Beijing (AsiaNews) - Environmental pollution in China
kills more than smoking cigarettes: in 2013 it resulted in 257 thousand premature
deaths in 31 provincial capitals and municipalities of the country. This is an
average of 90 victims per 100 thousand dead, a huge number compared to other causes
of death. The statistics increase in 12 of 31 cities under consideration: in
Shijiazhuang, Nanjing, Tianjin and Chongqing it touches 100 deaths per 100
This was revealed by a joint study between Greenpeace and the University of Beijing, which focused on deaths caused by micro-particles contained in the vaporous industrial waste. The main cause of the blanket of smog is in fact PM 2.5 (Airborne dust particulate matter 2.5 micrograms per cubic meter) caused by industrial production and intensified by the arrival of winter. The cold brings with it the ignition of millions of central heating systems and radiators, which in turn increase coal consumption in power plants.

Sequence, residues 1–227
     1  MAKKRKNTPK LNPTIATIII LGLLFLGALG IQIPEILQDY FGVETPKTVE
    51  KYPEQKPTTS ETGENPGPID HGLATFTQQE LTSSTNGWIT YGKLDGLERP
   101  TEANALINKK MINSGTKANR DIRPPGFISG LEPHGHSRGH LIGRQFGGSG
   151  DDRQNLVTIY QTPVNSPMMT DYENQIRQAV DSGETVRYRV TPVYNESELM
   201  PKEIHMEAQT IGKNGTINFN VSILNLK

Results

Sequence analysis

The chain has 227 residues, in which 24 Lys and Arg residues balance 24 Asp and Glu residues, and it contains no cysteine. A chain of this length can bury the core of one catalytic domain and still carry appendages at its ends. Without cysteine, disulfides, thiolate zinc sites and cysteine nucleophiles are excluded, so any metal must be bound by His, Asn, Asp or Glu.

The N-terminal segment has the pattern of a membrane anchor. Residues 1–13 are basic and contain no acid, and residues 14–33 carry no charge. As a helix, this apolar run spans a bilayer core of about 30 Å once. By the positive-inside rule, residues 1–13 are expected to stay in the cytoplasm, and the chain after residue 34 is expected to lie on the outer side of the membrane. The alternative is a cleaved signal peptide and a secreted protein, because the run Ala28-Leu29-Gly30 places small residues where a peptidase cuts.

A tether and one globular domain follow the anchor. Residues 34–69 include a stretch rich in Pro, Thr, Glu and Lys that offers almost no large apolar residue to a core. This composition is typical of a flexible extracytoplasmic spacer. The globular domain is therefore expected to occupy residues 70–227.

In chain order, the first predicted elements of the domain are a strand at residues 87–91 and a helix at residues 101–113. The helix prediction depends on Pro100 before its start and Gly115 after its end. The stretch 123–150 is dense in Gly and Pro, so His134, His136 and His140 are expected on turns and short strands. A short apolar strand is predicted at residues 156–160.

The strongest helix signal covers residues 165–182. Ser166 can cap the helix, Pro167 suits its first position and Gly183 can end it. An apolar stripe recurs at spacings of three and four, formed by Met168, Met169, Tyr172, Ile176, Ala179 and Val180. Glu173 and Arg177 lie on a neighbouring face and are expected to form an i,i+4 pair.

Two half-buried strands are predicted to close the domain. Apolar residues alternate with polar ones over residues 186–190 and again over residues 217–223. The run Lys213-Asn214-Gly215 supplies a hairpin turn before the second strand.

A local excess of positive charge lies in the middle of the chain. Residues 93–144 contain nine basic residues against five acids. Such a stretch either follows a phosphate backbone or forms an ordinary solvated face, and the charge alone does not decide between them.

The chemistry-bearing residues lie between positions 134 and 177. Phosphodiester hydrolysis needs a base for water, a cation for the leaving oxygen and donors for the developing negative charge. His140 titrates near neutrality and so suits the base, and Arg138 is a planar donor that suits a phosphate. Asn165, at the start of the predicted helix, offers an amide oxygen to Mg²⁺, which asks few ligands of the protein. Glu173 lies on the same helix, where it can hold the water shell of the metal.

The statistics recorded, denounce experts, represent a "substantial increase" compared to data related to smoking, recorded in 2012, which stop at 70 deaths per 100 thousand. Furthermore, "the true dimensions of the problem may be even greater, given that the most polluted cities were not included in the study." The reference is to the province of Hebei, the industrial heart of the country.
The central government is aware of the problem but seems unable to solve it. On several occasions President Xi Jinping called on the industry to "think green" and - on paper - has tightened sanctions on companies and executives who deliberately pollute. However rampant corruption in local government has taken away all power from the central directives especially in the energy market: in China, "the world's factory", 70% of energy is produced thanks to a highly polluting coal.
In 2014 the former Health Minister Chen Zhu penned an article for the important medical journal The Lancet in which he admitted that environmental pollution causes each year, across the nation, between 350 thousand and 500 thousand premature deaths. However, a study published in the same journal earlier claimed the victims of smog numbered 1.2 million for 2010.